If you're looking for an observing challenge, George Abell's complete catalog of planetary nebulae has you covered.

Abell 39Adam Block / Mount Lemmon SkyCenter / University of Arizona / CC BY-SA 3.0
This image of the planetary nebula Abell 39 was captured from the Mount Lemmon SkyCenter using the Schulman 32-inch Telescope
Adam Block / Mount Lemmon SkyCenter / University of Arizona / CC BY-SA 3.0

I observed my first planetary nebula by accident. I was moving the optical tube of my new telescope up and down, back and forth, nearing epic levels of frustration as I hunted for anything that didn't look like a star. An observing novice, I didn't have a finderscope (zero-unit, red-dot finders weren't "a thing" back then), and I didn't have setting circles (big mistake). Even if I'd had setting circles, I didn't have a deep-sky atlas (yet), so I had no easy way to star hop, even if I managed to zone in on an identifiable bright star. Imagine the force of the wave of relief that hit me when I zoomed by something big and fuzzy. I was probably the happiest person on our planet when I was able to edge back to it and center it in the eyepiece. I thought I would faint from exhilaration when I figured out I was looking at the Dumbbell Nebula. Score!

Years later, my experience and improved equipment has made things easier, of course, but I still find myself thwarted by planetary nebulae on occasion. Many, many planetaries appear stellar in the eyepiece, and I now know that I'm not the only one who has difficulty detecting their particular hue of cyan. Knowing what to expect (and how to get there) makes the chase more fun — I don't need a Hubble Space Telescope view to feel like a winner.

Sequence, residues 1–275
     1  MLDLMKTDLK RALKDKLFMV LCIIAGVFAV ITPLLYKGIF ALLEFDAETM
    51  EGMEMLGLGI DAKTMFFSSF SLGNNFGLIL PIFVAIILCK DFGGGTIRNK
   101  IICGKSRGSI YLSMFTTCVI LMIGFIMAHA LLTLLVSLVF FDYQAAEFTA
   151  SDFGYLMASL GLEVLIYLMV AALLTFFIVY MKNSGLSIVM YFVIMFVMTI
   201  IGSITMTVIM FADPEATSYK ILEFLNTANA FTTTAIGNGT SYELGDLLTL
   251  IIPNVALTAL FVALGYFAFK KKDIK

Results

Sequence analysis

If you're ready to join the hunt, I recommend starting with the list of "13 favorite" planetary nebulae from the Abell catalog as described by Steve Gottlieb in our July issue. This would be a good time to pick up an O III filter if you don't have one already — you'll appreciate the contrast boot. Steve used an 18-inch reflector for most of his observations. I will add: most of these are within reach of my 10-inch reflector, but not in my backyard. Dark skies are key!

Once you've worked your way through the initial list, you might want to take a crack at the larger Abell catalog. Steve has provided the catalog number, position, size, visual magnitude, magnitude of the central star, and distance for the entire catalog. You can download the catalog here as an Excel file.

The distances given are from a paper published by David Frew (University of Hong Kong), Quentin Parker (Macquarie University), and Ivan Bojičić (Australian Astronomical Observatory) in the Monthly Notices of the Royal Astronomical Society in 2015 (https://arxiv.org/abs/1504.01534).

Before you head outside, check out these useful links from Steve as well as other observers:

Good hunting!


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